Oregon's Next Huge Earthquake: Not If, But When

LiveScience.com

The clock is ticking on the next big earthquake in the Pacific Northwest, and experts fear it will be a monster.

Following the deadly magnitude-9.0 Tohoku earthquake and tsunami that struck Japan in March 2011, Oregon legislators commissioned a study of the impact a similar quake could have on the state, according to the Associated Press.

The report, "Oregon Resilience Plan: Reducing Risk and Improving Recovery for the Next Cascadia Earthquake and Tsunami," was presented to legislators Thursday (March 14).

Within its pages is a chilling picture of death and destruction that would cripple the entire Pacific Northwest, from Northern California to British Columbia.

More than 10,000 people killed. Bridges, dams, roadways and buildings — including Oregon's State Capitol in Eugene — in a state of utter collapse. No water, electricity, natural gas, heat, telephone service or gasoline — in some cases, for months. Economic losses in excess of $30 billion.

The seismically active region has felt temblors before, most notably a massive earthquake and tsunami in January 1700 that wiped out entire forests in what is now Oregon and Washington and caused a deadly tsunami in Japan, thousands of miles across the Pacific Ocean. [Waves of Destruction: History's Biggest Tsunamis]

"This earthquake will hit us again," Kent Yu, chair of the commission that developed the report, told Oregon legislators, according to the Daily Mail. "It's just a matter of how soon."

That titanic 1700 shaker was a megathrust earthquake on the Cascadia Fault, a seismic zone that stretches for almost 700 miles (1,100 kilometers) just off the Pacific Northwest coast. Based on current understanding of the fault's seismic history, scientists estimate quakes occur along the line roughly every 240 years.

In other words, another big Cascadia Fault earthquake is "long overdue," the International Science Times reports.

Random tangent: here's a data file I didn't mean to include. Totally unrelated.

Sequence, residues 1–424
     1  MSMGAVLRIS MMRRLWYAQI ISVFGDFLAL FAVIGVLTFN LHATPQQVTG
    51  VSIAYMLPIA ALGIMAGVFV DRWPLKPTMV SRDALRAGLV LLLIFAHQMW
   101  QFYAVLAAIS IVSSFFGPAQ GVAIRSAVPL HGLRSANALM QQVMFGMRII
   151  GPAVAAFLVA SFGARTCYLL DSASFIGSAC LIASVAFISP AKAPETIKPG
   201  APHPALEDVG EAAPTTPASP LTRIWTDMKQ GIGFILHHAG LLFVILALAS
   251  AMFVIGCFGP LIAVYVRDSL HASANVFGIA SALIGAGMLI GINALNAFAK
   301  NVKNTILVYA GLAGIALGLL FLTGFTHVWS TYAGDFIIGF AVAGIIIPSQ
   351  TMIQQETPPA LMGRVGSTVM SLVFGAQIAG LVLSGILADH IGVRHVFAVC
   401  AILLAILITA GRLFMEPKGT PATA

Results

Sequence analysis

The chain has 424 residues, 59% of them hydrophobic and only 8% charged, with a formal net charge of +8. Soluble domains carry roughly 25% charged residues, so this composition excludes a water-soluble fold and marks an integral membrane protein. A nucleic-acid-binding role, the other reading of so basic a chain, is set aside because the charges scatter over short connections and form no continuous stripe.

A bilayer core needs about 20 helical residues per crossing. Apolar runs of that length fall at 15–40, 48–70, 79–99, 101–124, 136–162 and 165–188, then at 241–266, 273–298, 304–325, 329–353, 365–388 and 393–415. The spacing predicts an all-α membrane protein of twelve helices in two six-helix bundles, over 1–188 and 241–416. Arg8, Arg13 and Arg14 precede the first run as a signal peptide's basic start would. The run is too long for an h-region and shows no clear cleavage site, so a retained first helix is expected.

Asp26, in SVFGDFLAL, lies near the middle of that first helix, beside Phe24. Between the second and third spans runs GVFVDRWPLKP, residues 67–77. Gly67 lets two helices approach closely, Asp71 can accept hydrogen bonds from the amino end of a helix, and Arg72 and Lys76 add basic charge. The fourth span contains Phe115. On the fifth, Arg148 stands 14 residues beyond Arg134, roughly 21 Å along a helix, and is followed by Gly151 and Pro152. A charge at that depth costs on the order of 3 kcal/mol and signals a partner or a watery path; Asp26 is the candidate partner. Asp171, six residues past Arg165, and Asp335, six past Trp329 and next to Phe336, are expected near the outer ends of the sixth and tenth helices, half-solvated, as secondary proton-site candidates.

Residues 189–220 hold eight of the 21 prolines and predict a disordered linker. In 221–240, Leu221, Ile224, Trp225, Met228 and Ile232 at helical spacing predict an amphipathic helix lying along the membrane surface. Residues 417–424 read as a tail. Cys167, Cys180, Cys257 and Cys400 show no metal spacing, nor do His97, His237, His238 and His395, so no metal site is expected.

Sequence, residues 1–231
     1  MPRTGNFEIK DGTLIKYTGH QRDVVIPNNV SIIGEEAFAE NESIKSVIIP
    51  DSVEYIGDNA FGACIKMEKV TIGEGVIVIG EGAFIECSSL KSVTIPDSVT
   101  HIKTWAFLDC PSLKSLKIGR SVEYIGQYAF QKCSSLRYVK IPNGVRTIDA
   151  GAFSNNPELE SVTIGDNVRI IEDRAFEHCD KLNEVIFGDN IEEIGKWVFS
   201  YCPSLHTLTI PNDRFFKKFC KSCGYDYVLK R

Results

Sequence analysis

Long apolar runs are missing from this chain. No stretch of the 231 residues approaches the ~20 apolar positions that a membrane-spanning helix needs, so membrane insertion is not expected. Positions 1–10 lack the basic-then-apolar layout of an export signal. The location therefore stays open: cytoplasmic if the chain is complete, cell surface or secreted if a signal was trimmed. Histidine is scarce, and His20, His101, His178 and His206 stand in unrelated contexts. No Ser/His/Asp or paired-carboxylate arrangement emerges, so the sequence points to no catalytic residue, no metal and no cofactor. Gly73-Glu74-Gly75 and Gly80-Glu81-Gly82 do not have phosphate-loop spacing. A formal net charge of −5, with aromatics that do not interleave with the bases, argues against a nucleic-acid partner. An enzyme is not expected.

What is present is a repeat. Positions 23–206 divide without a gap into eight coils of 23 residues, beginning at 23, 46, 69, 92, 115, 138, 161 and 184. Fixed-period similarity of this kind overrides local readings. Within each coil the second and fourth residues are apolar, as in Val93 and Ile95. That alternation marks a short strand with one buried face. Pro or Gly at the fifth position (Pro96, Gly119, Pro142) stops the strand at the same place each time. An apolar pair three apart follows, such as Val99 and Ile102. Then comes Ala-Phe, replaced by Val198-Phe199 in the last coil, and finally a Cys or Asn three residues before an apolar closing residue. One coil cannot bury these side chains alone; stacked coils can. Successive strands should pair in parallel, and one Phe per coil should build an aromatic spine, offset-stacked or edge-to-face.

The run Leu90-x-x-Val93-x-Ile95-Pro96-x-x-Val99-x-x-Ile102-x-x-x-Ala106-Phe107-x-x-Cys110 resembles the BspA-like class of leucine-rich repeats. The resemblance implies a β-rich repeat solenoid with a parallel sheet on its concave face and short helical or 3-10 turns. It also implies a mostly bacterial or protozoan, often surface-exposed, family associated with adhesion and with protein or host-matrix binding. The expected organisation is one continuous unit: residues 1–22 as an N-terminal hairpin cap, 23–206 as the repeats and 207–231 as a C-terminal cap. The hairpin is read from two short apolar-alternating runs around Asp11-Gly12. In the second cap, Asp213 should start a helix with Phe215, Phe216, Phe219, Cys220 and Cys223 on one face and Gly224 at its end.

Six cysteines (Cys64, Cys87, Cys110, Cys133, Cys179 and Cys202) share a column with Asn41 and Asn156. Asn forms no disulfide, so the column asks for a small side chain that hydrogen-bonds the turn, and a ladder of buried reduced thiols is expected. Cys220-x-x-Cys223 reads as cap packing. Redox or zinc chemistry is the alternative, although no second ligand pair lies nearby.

The report also noted that, geologically speaking, Japan and Oregon are mirror images of each other. There is, however, one important difference: Japan is much more prepared for earthquakes.

And Oregon is hardly the only region of North America overdue for a large earthquake: The Lake Tahoe region on the California-Nevada border is home to the West Tahoe Fault, which generally sees a quake every 3,000 to 4,000 years, and the most recent temblor occurred 4,500 years ago.

Elsewhere in California, the southern San Andreas Fault last produced a big temblor in 1690, and has been relatively quiet ever since. That isn't good news, since a major earthquake usually occurs there every 180 years, according to recent research, and the fault line now has more than 300 years of pressure built up.

Whereas the West Coast is usually considered the most seismically active region of North America, the East Coast also has earthquakes, just not as often. Fault lines have recently been discovered near New York City, and the Indian Point nuclear power plant, about 24 miles (39 km) north of the city, straddles the previously unidentified intersection of two active seismic zones.

In virtually all of these regions, preparation for earthquakes has been woefully inadequate, say many experts. Maree Wacker, chief executive officer of the American Red Cross of Oregon, laments the state of readiness: "Oregonians as individuals are underprepared," Wacker told the Daily Mail.

Email Marc Lallanilla or follow him @MarcLallanilla. Follow LiveScience on Twitter @livescience. We're also on Facebook & Google+. Original article on LiveScience.com.

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